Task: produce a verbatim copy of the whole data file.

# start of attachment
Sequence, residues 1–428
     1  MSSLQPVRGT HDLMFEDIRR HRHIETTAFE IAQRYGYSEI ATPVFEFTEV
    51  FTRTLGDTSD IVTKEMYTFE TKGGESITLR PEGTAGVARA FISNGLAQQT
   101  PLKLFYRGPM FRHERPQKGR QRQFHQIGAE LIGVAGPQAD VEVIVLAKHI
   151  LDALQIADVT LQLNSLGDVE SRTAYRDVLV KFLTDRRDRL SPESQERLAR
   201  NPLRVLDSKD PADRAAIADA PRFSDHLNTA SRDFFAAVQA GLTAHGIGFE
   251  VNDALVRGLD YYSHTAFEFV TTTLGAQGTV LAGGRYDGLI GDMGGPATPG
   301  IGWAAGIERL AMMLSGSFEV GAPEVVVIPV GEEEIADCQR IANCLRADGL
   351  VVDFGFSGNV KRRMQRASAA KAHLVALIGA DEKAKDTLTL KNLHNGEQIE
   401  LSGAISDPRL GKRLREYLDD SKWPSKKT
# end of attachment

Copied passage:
Sequence, residues 1–428
     1  MSSLQPVRGT HDLMFEDIRR HRHIETTAFE IAQRYGYSEI ATPVFEFTEV
    51  FTRTLGDTSD IVTKEMYTFE TKGGESITLR PEGTAGVARA FISNGLAQQT
   101  PLKLFYRGPM FRHERPQKGR QRQFHQIGAE LIGVAGPQAD VEVIVLAKHI
   151  LDALQIADVT LQLNSLGDVE SRTAYRDVLV KFLTDRRDRL SPESQERLAR
   201  NPLRVLDSKD PADRAAIADA PRFSDHLNTA SRDFFAAVQA GLTAHGIGFE
   251  VNDALVRGLD YYSHTAFEFV TTTLGAQGTV LAGGRYDGLI GDMGGPATPG
   301  IGWAAGIERL AMMLSGSFEV GAPEVVVIPV GEEEIADCQR IANCLRADGL
   351  VVDFGFSGNV KRRMQRASAA KAHLVALIGA DEKAKDTLTL KNLHNGEQIE
   401  LSGAISDPRL GKRLREYLDD SKWPSKKT